I offer discounts to students, because I remember what it was like to be eating Ramen for weeks to get a pair of shoes something I really wanted.  The student discount varies based on numerous things, so I can’t give an exact number.  But if you’re a student and are interested in hiring me, drop me a line and we’ll talk 😉

I also offer discounts when I’m booked by a single photographer in 4-hour blocks (half day) and 8-hour blocks (full day).  Typically, instead of charging $200 for a 4-hour shoot, I charge just $150, which is, essentially, like getting a free hour.  For 8-hour shoots, instead of charging $400, I charge $325, which is a $75 discount (it’s like a free hour and a half).

I have also offered discounts to photographers who are located less than 5 miles from me, or who hire me and then shoot at a location that’s that close.  I offer a 25% discount off my hourly rate for nearby shoots, which means it’s just $37.50 an hour if we’re shooting just 5 miles from my location.

Can multiple photographers split your rates?
I allow up to 4 photographers to book me as the sole model for a shoot for either a half day or full day.  I do not, however, offer the same discount for multiple-photographer bookings that I offer for single photographers.  Why no discount?  Because you’re splitting the $200 or $400 between up to 4 people, which makes it cheaper per person all around.

I ask that no more than 4 photographers book me at once because more than 4 photographers proves to be too many photographers, and means I can’t spend much time posing for each one.  I like to make sure that, when I’m hired, photographers are getting their money’s worth.

How willing to negotiate are you?
I’m pretty open to negotiating, or at the very least, discussing options.  I know things are tough and that many photographers are hobbyists.  The most common negotiation I do is working in exchange for wardrobe or wardrobe plus heavily discounted rates.  Sometimes, this is wardrobe purchased by the photographer and worn at the shoot, then given to me.  Other times, it’s wardrobe in the form of a giftcard, so that I can purchase stuff later on (not necessarily for use on that particular shoot or with that specific photographer).  I always tell photographers not to be afraid to ask models (or me in particular) about negotiating, because chances are, we’re open to it.  If you have something to offer, I won’t know unless you put it on the table!

Do you require deposits to book?
Typically, I don’t.  Though if I were traveling to your area specific to shoot, I would require a retainer, which would be applied to the final total.  I might also require a deposit or retainer to secure a date if a photographer had cancelled on me before.  This is, of course, something I look at on a case-by-case basis.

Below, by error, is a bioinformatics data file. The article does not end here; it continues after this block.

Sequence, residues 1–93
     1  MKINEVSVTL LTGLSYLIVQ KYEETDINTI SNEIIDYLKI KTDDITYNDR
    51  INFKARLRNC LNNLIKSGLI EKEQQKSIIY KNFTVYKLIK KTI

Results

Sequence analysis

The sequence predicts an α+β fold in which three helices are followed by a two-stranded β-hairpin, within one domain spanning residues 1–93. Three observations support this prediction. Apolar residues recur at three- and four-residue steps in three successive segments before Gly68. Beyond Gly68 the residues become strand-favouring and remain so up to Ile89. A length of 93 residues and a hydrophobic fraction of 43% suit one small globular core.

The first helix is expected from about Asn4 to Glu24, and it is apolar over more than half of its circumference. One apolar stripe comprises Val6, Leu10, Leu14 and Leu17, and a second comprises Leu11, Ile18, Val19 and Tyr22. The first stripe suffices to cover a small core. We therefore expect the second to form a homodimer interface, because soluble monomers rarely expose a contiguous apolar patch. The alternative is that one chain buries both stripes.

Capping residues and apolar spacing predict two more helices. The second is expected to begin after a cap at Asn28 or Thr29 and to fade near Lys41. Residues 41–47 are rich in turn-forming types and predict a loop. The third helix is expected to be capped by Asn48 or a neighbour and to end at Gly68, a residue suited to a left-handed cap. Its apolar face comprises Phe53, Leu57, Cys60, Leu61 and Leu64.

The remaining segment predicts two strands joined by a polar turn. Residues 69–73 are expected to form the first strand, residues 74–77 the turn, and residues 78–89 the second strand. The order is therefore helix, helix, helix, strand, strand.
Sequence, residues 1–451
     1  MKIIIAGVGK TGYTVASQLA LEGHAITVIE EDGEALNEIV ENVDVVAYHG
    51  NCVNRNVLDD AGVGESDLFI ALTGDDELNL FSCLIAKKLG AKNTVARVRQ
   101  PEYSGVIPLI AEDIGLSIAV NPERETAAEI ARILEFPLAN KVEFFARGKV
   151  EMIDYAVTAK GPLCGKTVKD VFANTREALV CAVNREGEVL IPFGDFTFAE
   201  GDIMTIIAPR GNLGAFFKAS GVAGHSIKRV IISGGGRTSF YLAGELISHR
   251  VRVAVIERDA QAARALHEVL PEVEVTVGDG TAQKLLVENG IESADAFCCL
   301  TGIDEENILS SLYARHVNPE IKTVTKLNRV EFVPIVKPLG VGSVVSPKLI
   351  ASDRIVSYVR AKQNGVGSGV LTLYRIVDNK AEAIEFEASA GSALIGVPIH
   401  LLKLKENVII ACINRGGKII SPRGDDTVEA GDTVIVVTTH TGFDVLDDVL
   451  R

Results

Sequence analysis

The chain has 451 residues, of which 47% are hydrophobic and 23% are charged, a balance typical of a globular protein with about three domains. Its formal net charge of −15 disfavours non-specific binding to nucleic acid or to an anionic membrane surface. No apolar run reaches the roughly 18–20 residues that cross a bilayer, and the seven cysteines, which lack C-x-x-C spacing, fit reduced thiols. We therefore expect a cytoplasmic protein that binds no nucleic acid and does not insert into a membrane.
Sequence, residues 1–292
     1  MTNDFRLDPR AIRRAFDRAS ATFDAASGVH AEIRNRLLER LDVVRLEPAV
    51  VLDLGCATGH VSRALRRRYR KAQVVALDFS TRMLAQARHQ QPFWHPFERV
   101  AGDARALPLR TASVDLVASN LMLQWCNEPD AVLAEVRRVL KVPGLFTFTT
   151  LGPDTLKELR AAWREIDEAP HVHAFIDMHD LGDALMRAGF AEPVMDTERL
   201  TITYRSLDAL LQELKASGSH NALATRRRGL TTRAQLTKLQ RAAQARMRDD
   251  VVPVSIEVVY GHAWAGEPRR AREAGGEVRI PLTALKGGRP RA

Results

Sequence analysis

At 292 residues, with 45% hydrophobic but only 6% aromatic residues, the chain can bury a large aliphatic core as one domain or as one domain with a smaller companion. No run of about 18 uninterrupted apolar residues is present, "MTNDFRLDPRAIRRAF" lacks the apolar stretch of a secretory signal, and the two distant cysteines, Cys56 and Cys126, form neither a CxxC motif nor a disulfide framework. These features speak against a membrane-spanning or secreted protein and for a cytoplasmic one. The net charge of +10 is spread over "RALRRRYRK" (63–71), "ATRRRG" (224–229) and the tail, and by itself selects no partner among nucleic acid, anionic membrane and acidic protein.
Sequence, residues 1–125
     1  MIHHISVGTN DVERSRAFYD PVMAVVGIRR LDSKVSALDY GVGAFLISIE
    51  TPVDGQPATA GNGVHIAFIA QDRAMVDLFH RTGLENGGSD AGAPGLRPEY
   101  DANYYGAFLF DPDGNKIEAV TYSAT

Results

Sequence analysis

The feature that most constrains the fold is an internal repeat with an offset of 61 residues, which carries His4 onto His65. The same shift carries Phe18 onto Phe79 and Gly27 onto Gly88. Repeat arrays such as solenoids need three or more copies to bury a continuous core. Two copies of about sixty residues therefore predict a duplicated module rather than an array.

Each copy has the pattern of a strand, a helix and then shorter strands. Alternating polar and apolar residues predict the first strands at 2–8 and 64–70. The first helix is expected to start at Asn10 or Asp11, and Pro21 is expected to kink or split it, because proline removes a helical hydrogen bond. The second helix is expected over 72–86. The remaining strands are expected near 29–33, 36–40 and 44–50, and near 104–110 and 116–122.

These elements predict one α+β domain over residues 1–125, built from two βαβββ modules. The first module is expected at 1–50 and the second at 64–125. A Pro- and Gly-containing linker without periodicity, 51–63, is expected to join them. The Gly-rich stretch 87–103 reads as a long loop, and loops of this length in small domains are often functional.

June 15, 2011

Paying a Model: When Does the Clock Start?

Quite often newer photographers and models ask when the clock starts when it comes to paying a model.  Some seem to think it starts once the model is out of hair and makeup, the lights are set up and tested, and the photographer is ready to start shoot.  However, that is not the case.

The clock starts the moment the model arrives at the shoot location.  Not when the hair and makeup is done.  Not when the photographer is finished setting up and testing his lights.  Not when the model finally gets in wardrobe and starts posing.  A model’s time starts the second she arrives at the location to start hair and makeup.

Why?  Because while the model is in hair and makeup, she’s technically working.  She certainly can’t be shooting with someone else, or working an event, or looking for gigs during that time.  She’s on the clock with that specific photographer and team, the moment she sets foot in the door.

Save some time.  While the model is in hair and makeup, the photographer should be setting up his backdrop or designing his set, getting his lights up, and making sure everything works.  Then, when the model is made up and in wardrobe, he can snap off a few tests, adjust if necessary, and then start shooting.  If, that is, he hasn’t done it before she arrived (though this can mean sitting and waiting on the photographer’s end… so maybe have a compy nearby you can edit on).  Having a model wait around while the photographer sets up a backdrop and lights is just a waste of time and money.